Once upon a time, eight great kingdoms decided to join forces in the battle against the global recession in 1973. They called themselves the “Great 8” or G8 – presumably using the word “great” to signify their status as world leaders. Dubbed as the “most industrialized” nations, the G8 comprises France (who founded the conference in 1975), Germany, Canada, Italy, Japan, Russia, the United Kingdom, and of course, the United States (would the US ever keep itself out of anything “great”?). Now that the world is in the throes of the worst post-war global recession, how will the G8 fight its way out?
Recently, France and the UK have been making cat calls to expand the G8. In recent meetings, the G8 has had some guests members, most notably China, Brazil and India. Yes, I know what you’re thinking… that’s the BRIC group! Remember that little somethin‘ I did a few weeks before about their little forum?
Not too long ago, China urged the rest of the nations to consider using the International Monetary Fund’s Special Drawing Rights or SDRs as a super-sovereign currency. There were rumors that Chinese President Hu Jintao would propose this to the summit and perhaps even suggest that the yuan be added to the SDRs’ basket of currencies. Russian Finance Minister Alexai Kudrin has even gone as far as suggesting that China’s yuan could become a world reserve currency.
“The dollar system or the system based on the dollar and euro have shown that they are flawed. But I am a realist and I understand that today there is no alternative to the dollar or the European currency,” Russian President Dmitry Medvedev said in an interview. “There should be more reserve currencies. So we consider that we need to think about the creation of regional reserve currencies.” Such strong statements from the BRIC kids!
Both these countries certainly aren’t standing idly by as their currency reserves are threatened. Russia has already reduced its USD reserves to 41.5% from 45%. China, on the other hand, is finding ways to diversify its reserves out from USD. The problem is that there isn’t really any other USD alternative, so moves like this will take time to materialize. Still, something like this can’t be taken lightly…especially since China and Russia are members of the both the G8 and the BRIC.
Let me put this in perspective. The world has an estimated amount of 6.898 trillion in USD reserves, around 63% of the world’s currency reserves. The BRIC holds approximately 2.465 trillion USD of this amount. The BRIC’s combined gross domestic product however, represents only fifteen percent of the world economy yet they got their hands on almost forty percent of the world’s USD reserves… With this sort of imbalance, it just makes me wonder how long it would take for the USD to crack.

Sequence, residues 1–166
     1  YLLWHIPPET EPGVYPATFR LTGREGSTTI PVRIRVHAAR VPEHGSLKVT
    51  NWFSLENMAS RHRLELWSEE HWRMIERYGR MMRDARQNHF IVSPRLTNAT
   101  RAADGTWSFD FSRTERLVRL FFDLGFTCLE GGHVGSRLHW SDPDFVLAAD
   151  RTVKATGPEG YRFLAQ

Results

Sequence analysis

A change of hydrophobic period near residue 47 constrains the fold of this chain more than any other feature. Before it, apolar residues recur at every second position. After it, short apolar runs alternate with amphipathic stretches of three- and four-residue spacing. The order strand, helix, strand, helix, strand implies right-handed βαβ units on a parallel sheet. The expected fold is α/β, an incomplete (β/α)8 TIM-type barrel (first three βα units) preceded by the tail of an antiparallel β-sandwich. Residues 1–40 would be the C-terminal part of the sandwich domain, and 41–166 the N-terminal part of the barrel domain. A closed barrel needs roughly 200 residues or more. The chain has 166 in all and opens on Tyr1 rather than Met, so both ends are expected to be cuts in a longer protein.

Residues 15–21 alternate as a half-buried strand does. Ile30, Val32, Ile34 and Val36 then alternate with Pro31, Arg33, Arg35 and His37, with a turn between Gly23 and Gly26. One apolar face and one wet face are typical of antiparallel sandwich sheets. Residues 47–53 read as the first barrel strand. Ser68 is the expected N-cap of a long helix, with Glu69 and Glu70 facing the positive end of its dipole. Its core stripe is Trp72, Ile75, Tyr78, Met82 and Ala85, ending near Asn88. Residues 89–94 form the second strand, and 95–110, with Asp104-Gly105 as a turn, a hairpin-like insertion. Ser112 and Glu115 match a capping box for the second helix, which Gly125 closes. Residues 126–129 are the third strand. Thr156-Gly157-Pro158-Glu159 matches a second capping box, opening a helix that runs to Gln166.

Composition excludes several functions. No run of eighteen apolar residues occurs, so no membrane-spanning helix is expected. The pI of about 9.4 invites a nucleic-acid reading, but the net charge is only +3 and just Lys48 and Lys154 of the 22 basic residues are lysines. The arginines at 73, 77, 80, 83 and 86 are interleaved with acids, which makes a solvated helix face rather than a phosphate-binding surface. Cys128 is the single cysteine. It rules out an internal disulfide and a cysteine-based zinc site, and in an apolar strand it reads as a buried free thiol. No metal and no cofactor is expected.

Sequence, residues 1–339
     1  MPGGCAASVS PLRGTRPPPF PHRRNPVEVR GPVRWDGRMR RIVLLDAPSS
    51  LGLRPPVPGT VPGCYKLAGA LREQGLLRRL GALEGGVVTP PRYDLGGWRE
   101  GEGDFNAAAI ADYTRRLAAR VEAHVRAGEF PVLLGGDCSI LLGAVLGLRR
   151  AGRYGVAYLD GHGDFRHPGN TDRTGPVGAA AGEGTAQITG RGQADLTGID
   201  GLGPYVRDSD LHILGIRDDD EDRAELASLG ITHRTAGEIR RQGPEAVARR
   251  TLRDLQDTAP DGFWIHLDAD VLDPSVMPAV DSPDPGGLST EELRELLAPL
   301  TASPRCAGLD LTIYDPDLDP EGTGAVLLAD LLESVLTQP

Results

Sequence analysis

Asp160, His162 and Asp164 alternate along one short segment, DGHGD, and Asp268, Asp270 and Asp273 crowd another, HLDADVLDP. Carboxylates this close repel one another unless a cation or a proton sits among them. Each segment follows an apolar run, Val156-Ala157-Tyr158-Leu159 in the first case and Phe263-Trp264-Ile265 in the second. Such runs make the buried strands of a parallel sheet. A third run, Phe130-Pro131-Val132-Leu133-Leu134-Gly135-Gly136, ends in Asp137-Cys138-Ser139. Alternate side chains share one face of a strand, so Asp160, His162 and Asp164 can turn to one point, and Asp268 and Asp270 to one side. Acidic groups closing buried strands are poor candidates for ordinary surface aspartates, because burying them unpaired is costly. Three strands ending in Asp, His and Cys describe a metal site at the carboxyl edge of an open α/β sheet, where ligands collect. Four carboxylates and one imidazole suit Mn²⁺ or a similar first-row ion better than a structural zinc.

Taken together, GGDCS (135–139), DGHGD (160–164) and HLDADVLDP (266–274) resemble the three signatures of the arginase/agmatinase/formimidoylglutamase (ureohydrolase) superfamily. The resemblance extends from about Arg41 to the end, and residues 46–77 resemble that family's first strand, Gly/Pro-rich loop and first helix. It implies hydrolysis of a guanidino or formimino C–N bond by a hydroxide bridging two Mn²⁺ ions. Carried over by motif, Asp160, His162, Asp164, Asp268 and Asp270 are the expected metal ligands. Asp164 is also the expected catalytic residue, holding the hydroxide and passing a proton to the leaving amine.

But so far, the topic of anti-dollar diversification hasn’t been brought up yet. Could they bring the topic up before the summit is over?
According to a draft communiquÃ© (that means advance statement for simpletons like us) of the ongoing G8 summit, the member countries will be talking about agricultural investments in developing countries and fighting trade protectionism.
What may be of more significance to forex markets is the G8’s discussion of their exit strategies. In an effort to put a lid on the economic recession, debt has substantially increased due to the implementation of economic stimulus plans. With recent economic data showing some improvements, the question of when to “exit” has been brought up, most recently during the last G20 meeting.
Now what will happen to member states’ currencies if they extend the duration of their economic stimulus plans? Well, one possible scenario is a weakening of the local currency. For example, the GBP could weaken if the UK government decides to expand its quantitative easing program. Recall that the S&P has already downgraded its outlook on the UK and further easing would raise concerns on the UK’s ability to honor its debt obligations. On the other hand, the UK government may decide to just take a “wait-and-see” approach, to see the full effects of their program. If the economy shows improvement, then maybe a delay in exit strategies may be the best move to make.
No matter what angle you look at it, this recession certainly isn’t a fairy tale. A “happily ever after” may be a long time coming as jobs are still being lost, houses are being repossessed and companies are going bankrupt. An “unfairy tale” is what this is… and we’re all just waiting for when we will see signs of a happy ending. Until then, good luck and be safe in the markets!